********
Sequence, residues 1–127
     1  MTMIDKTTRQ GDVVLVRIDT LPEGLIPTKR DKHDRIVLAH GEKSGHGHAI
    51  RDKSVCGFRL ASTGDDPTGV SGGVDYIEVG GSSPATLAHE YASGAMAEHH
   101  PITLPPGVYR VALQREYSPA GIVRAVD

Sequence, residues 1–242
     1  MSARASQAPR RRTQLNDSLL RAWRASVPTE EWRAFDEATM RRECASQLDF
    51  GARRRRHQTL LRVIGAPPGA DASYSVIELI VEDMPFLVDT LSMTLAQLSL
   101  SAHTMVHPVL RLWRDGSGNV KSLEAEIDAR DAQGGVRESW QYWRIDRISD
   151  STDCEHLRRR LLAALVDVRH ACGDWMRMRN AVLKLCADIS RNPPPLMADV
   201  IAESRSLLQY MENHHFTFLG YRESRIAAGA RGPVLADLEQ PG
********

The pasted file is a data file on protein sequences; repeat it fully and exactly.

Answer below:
Sequence, residues 1–127
     1  MTMIDKTTRQ GDVVLVRIDT LPEGLIPTKR DKHDRIVLAH GEKSGHGHAI
    51  RDKSVCGFRL ASTGDDPTGV SGGVDYIEVG GSSPATLAHE YASGAMAEHH
   101  PITLPPGVYR VALQREYSPA GIVRAVD

Sequence, residues 1–242
     1  MSARASQAPR RRTQLNDSLL RAWRASVPTE EWRAFDEATM RRECASQLDF
    51  GARRRRHQTL LRVIGAPPGA DASYSVIELI VEDMPFLVDT LSMTLAQLSL
   101  SAHTMVHPVL RLWRDGSGNV KSLEAEIDAR DAQGGVRESW QYWRIDRISD
   151  STDCEHLRRR LLAALVDVRH ACGDWMRMRN AVLKLCADIS RNPPPLMADV
   201  IAESRSLLQY MENHHFTFLG YRESRIAAGA RGPVLADLEQ PG